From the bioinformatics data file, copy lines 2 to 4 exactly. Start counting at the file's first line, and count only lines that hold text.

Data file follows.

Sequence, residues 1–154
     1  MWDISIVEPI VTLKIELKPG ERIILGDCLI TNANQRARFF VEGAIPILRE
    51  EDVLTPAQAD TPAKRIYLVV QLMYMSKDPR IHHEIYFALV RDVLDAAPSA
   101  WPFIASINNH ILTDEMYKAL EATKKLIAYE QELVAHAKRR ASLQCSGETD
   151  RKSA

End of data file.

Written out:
     1  MWDISIVEPI VTLKIELKPG ERIILGDCLI TNANQRARFF VEGAIPILRE
    51  EDVLTPAQAD TPAKRIYLVV QLMYMSKDPR IHHEIYFALV RDVLDAAPSA
   101  WPFIASINNH ILTDEMYKAL EATKKLIAYE QELVAHAKRR ASLQCSGETD